After the Japanese attack on the US Naval base at Pearl Harbor in 1941, President Franklin Delano Roosevelt delivered a speech to the nation,” this is a day that will live in infamy,” Rosevelt boomed.
On February 9th, 2021, the United States Senate answered a fundamental question: Can a president be impeached and tried after leaving office?
The answer to that question has been resoundingly answered by that body, “yes.”
In a [bipartisan] vote, the Senate voted 56 to 44 to, make it clear that a president may be tried by the senate even after he leaves office.
This day will be referenced for hundreds of years to come, should this democracy survive this incessant Republican assault.
The nation is almost assured survival. Democracy, not so much if what we are witnessing is allowed to take hold.
There needs to be a clear understanding of the facts; there are no differences between House and Senate Republicans and the white militias and neo-nazis running around hurting people. The Republican party is the proud boys; it is QAnon, it is everything the nation witnessed on January 6th.
Some hold out hope that now that this nonsensical process constitutional question has been answered, maybe Republican senators will be forced to look at the compelling evidence supporting a Trump conviction.
To the folks holding out that hope, I ask, “why do you think we were forced to live through this fraudulent question? Do you think for one moment that Republicans had any doubt that the senate had the authority to try Donald Trump”?
Another Republican, Bill Cassidy of Louisiana, joined five of his Republican colleagues, Mitt Romney, Susan Collins, Lisa Murkowski, Pat Toomey, & Ben Sasse, who voted with all 50 Democratic Senators to override the constitutional question of whether Trump may be tried by the senate now that he is out of office.
Cassidy’s come to Jesus moment, as articulated by him, seemed to have been centered on the clarity of the case the house managers outlined, instead of the nonsense idea that the senate cannot try a president after he has demitted office.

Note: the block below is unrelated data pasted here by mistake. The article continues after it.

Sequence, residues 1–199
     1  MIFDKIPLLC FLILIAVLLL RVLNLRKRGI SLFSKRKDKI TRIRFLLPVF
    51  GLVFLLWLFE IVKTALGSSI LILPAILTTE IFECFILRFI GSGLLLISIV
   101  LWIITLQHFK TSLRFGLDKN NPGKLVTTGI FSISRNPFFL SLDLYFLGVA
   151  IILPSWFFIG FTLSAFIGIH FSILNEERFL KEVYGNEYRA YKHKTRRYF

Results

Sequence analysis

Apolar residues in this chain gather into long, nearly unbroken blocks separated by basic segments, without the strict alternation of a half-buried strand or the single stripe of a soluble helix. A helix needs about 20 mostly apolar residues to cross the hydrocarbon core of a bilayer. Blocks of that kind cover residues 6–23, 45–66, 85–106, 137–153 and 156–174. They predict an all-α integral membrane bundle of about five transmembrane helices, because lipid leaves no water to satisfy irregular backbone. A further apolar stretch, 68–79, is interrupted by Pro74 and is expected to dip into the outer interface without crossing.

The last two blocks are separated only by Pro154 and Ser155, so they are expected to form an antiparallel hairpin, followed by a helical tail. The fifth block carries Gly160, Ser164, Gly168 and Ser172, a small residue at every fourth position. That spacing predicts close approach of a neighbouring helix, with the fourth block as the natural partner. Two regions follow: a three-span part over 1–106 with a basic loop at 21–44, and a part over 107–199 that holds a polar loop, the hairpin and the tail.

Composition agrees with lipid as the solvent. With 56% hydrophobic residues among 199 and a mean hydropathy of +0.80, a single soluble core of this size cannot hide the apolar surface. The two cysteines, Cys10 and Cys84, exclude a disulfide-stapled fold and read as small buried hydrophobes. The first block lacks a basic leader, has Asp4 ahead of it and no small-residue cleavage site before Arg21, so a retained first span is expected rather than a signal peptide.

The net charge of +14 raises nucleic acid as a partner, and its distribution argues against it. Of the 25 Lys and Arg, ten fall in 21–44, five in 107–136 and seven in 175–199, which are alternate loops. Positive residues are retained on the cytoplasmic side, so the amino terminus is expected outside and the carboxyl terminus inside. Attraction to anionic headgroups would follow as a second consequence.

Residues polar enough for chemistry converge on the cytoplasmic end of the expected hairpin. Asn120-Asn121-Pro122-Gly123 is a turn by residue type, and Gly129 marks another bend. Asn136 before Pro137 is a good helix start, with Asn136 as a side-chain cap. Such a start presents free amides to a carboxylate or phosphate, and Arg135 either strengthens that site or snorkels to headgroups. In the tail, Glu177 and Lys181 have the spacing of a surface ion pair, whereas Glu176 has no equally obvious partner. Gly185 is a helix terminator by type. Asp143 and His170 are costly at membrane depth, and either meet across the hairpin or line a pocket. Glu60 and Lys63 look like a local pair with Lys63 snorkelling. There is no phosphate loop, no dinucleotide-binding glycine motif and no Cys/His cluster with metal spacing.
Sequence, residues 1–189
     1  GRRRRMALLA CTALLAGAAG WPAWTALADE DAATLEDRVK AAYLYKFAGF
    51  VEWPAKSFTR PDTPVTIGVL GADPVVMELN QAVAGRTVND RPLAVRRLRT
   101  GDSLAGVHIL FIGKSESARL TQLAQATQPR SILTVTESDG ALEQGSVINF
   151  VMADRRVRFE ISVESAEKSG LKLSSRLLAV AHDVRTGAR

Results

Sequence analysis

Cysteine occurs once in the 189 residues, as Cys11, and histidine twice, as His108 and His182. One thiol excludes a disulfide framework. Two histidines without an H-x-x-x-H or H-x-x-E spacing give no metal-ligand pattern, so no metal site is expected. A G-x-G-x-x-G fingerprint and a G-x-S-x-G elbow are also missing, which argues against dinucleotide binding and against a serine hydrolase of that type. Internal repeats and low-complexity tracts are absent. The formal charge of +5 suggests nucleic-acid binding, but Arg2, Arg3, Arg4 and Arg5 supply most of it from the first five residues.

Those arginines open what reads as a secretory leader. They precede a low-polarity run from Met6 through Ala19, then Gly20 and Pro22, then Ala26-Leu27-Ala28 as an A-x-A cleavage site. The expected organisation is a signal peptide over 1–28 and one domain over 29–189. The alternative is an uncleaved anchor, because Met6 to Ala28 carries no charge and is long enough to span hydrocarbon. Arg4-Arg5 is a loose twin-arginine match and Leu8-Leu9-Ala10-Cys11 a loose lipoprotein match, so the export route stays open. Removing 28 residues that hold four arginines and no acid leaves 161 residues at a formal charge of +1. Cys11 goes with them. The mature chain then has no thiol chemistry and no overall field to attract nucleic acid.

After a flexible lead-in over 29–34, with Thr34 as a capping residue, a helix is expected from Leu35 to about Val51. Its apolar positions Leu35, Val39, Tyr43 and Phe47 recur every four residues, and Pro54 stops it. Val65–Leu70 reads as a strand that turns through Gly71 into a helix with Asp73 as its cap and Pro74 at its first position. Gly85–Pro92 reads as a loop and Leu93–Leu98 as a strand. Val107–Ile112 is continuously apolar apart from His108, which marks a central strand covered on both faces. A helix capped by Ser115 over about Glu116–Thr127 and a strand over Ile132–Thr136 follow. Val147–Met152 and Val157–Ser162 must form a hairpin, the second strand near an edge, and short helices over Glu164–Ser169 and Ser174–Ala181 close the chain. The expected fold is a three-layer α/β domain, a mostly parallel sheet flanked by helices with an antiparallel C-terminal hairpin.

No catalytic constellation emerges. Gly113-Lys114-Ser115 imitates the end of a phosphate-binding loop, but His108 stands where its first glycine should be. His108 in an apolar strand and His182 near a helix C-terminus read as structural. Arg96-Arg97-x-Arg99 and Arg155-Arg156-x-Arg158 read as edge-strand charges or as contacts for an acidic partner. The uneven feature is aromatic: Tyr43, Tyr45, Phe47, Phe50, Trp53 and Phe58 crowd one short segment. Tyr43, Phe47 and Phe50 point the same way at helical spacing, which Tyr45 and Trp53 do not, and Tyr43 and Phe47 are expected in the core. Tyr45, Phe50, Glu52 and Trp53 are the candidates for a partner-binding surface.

No one should be fooled by that moment of clarity that Cassidy experienced; it should never be construed as a moment of awakening for Republicans.
In January, Rand Paul forced a Senate vote to declare the trial of Donald Trump unconstitutional. That vote failed, and so the case was allowed to proceed. However, the record number of Republican Senate votes declaring the potential trial unconstitutional, is probably the best metric of measuring where today’s Republican party is.
Mitch McConnell spoke out aggressively against Donald Trump’s participation on the senate floor; McConnell said Trump was responsible for inciting the insurrection.
On February 9th Mitch McConnell voted that the senate trial of Donald Trump for inciting the insurrection was unconstitutional. At least his vote said so.
House minority leader Kevin McCarthy chastised Donald Trump for inciting the insurrection on the house floor; he later jetted to Florida to lick Donald Trump’s boots and be photographed with him.
Lyn Cheney, the #3 house Republican, was forced to endure a vote to retain her leadership role. Cheneys Crime was that she laid the blame for the insurrection squarely at Trump’s feet.
Republican Senators have demonstrated that they do not care about the Constitution. It has long been argued that the founders created the Senate to counter the more rash, impulsive house members.
House members are allowed two-year terms; Senators have six-year terms.
The thinking is that the six-year-term, in a way, insulates Senators from some political backlash, kind of like how Federal judges get lifetime tenure. Republicans under Mitch McConnell’s leadership have destroyed everything the Senate is supposed to represent. They packed courts with disqualified hacks, corrupted the executive, and reduced the Senate to a disgrace.
In the end, the toxicity Mitch McConnell created and orchestrated will do more harm to America than any single American official has ever managed to inflict in the history of the republic. Yes, more than Joe McCarthy.
The words of one Republican Senator were most telling. Senator Susan Collins told the media that quote, “the president has learned his lesson’. In Senator Collins’s world, impeachment was the remedy; there was no need for any other treatment, even though the constitution is very clear on the question of removal.
Senator Collins was wrong, as she has been on so many other occasions on Donald Trump issues.
That failure resulted in the January 6th insurrection; it resulted in the Confederate battle flag flying in the Capitol rotunda.
On that note, House managers making the case against Donald Trump in front of the Senate should basically make the case to the American voters. After all, members of the Republica caucus sitting in that chamber judging Trump’s guilt or innocence are themselves co-conspirators.
They are essentially unindicted co-conspirators, yet they are asked to sit as jurors to determine whether Trump is guilty of inciting a raging insurrectionist mob to attack the Capitol.
These men and women sitting as jurors cannot be expected to vote to convict Donald Trump; they agreed with everything that happened.
.Mike Beckles is a former Police Detective, businessman, freelance writer, a black achiever honoree, and publisher of the blog mikebeckles.com.